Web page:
By Delikoukos, Stylianos Mantzos, Fotios
Isolated thyroid gland injury due to blunt neck trauma is uncommon and rarely complicated by thyroid storm in patients without known hyperthyroidism. The aim of this study was to report our experience on blunt thyroid gland injury followed by massive gland hemorrhage, acute airway obstruction, and symptoms of thyroid storm. Among 231 patients with neck trauma, four patients appeared with isolated thyroid gland injury. In two of them, the diagnosis of simultaneous thyrotoxic crisis was made on the basis of clinical findings and confirmed on emergency laboratory tests. The diagnosis of thyroid gland injury was supposed by the history and physical examination and established after neck exploration. Therapy was directed at stabilizing the patients by correcting the hyperthyroid state, followed by operative treatment. Left lobectomy and total thyroidectomy were performed and, along with postoperative medical measures, led to uneventful recovery. This study demonstrates that thyroid gland injury due to blunt neck trauma, although uncommon, may result in potentially life-threatening thyroid storm due to rupture of acini and liberation of thyroid hormones into the bloodstream. This may occur in patients without known hyperthyroidism. BLUNT NECK TRAUMA is commonly encountered in cases of vehicle crashes, but isolated thyroid gland injury is rare. ‘ The frequency of thyroid gland injury due to blunt neck trauma is about one to two per cent.1-3 According to most of the reported cases, posttraumatic thyroid gland hematoma occurred in patients with a history of pre-existing goiter.2-4 Hemorrhage into a normal thyroid gland, caused by blunt neck trauma, is extremely rare.4 On the other hand, thyroid storm after trauma has rarely been reported and usually occurs in patients with known hyperthyroidism.5, 6 Thyroid storm induced by direct thyroid gland trauma has not been published in the literature. The aim of this study was to report our experience on isolated blunt thyroid gland injury followed by massive hemorrhage, acute airway obstruction, and symptoms of thyroid storm. The diagnosis of gland injury was proved by neck exploration. Thyrotoxic crisis was initially suspected on the basis of clinical findings and established by laboratory tests.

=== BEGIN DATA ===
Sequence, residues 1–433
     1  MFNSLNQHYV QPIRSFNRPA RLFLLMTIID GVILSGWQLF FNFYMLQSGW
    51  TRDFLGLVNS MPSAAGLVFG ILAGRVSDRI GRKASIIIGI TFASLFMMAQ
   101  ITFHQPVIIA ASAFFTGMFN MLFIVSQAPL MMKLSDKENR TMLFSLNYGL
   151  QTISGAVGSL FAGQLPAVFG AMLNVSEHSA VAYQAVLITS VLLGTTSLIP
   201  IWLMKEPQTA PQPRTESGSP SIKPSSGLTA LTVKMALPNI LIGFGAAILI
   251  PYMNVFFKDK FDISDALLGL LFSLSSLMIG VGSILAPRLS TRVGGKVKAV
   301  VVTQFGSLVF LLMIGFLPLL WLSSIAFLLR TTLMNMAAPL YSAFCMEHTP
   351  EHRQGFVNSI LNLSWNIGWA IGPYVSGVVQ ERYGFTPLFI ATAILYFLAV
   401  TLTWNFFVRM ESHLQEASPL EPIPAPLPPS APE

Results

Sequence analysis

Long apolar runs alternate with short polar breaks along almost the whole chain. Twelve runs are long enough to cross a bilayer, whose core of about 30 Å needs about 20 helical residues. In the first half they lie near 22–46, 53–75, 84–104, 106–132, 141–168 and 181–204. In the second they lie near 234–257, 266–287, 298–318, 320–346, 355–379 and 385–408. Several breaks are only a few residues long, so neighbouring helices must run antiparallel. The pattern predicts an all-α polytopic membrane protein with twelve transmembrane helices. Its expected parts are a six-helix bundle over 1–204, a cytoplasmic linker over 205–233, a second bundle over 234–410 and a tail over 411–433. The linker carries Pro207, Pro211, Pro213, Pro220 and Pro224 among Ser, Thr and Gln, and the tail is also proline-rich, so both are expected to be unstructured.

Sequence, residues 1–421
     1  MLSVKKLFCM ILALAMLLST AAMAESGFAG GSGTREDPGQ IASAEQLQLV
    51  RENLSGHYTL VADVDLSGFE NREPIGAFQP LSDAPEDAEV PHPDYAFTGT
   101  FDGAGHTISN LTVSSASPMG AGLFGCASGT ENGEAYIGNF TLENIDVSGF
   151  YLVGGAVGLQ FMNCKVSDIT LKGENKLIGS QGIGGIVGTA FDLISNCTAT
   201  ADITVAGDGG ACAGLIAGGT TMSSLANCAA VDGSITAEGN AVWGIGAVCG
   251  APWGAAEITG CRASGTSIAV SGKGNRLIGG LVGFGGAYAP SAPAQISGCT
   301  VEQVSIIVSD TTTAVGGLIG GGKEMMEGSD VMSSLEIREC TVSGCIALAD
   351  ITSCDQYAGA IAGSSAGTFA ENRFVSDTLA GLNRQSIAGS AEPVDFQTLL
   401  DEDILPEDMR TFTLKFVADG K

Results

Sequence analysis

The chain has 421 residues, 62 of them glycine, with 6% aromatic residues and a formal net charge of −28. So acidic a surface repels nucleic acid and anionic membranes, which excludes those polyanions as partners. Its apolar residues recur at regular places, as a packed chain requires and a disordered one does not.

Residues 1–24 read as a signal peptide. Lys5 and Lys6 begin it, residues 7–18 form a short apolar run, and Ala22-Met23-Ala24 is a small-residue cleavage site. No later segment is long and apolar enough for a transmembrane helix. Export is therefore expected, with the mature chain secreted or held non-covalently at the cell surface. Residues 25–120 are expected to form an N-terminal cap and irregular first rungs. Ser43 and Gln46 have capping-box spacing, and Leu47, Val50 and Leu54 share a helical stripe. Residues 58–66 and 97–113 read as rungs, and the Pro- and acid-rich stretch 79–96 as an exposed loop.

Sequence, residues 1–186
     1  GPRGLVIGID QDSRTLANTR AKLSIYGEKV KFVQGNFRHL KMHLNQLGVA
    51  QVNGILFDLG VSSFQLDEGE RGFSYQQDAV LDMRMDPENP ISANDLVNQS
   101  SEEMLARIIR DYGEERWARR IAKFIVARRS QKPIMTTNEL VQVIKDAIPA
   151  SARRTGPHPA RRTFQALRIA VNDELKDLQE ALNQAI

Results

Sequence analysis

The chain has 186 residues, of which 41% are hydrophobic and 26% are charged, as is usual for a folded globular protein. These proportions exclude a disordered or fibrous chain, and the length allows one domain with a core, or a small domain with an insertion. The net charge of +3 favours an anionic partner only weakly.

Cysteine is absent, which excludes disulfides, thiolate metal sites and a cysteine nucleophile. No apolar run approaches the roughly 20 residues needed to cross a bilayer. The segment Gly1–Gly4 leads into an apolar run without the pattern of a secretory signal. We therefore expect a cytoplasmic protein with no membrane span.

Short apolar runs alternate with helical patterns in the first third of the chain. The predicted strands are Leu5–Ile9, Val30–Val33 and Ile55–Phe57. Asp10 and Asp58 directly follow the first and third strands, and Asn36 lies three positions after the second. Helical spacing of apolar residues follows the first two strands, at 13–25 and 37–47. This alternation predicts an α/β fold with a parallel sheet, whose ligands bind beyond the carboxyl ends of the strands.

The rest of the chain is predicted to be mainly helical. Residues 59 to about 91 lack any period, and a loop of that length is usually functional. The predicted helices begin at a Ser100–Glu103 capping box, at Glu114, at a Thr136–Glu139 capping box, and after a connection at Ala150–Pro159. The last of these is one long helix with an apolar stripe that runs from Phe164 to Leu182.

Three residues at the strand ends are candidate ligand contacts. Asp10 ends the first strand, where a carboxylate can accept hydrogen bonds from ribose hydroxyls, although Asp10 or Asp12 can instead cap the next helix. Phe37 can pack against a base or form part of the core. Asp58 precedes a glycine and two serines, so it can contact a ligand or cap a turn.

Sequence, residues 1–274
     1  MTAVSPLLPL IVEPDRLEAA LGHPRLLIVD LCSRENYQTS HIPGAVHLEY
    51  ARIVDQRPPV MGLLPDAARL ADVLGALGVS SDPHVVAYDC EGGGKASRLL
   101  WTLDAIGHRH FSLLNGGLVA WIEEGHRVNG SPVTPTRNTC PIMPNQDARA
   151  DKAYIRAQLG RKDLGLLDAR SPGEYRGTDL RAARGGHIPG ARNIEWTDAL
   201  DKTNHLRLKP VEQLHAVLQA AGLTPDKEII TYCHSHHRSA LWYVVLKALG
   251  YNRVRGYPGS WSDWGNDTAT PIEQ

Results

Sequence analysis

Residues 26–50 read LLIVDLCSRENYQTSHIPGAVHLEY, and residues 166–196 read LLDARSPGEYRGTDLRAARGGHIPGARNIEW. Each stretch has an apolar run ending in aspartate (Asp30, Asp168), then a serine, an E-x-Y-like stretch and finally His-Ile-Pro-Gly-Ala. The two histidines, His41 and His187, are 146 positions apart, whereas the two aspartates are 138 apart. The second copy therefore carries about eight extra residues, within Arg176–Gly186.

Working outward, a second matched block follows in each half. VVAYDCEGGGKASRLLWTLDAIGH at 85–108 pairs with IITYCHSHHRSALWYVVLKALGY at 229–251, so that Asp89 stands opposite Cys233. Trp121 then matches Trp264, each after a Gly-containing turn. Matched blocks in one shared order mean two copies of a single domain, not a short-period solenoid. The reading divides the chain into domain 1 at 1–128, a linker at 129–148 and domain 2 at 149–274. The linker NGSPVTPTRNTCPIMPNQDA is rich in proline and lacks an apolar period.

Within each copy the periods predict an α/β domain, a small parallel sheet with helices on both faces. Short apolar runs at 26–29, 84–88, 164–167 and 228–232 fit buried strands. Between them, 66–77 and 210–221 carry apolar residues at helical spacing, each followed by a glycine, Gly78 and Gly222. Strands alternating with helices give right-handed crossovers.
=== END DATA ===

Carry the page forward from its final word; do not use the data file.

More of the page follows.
Patients and Methods
Between 1988 and 2005, 231 patients (175 men) presented to the emergency department complaining of blunt neck trauma due to traffic or other injury. Four appeared with isolated thyroid gland injury. In two patients, (women, 29- and 65-years-old) the trauma led to thyroid crisis. The two patients denied a previous history of goiter or symptoms of hyperthyroidism.
The first patient sustained neck trauma due to a motor vehicle accident. The patient, seated behind the driver without a fastened seat belt, struck her neck on the front seat. She arrived at the hospital 60 minutes after the crash. The patient was awake, normotensive, and free of respiratory problems. She manifested low grade fever (37.8[degrees] C), tachycardia (140 pulses/min), nervous system disorders (tremor and facial abrasions), and gastrointestinal dysfunction (nausea and vomiting). On physical examination, other than some smooth enlargement on the left anterior neck region, no signs of injury were visible.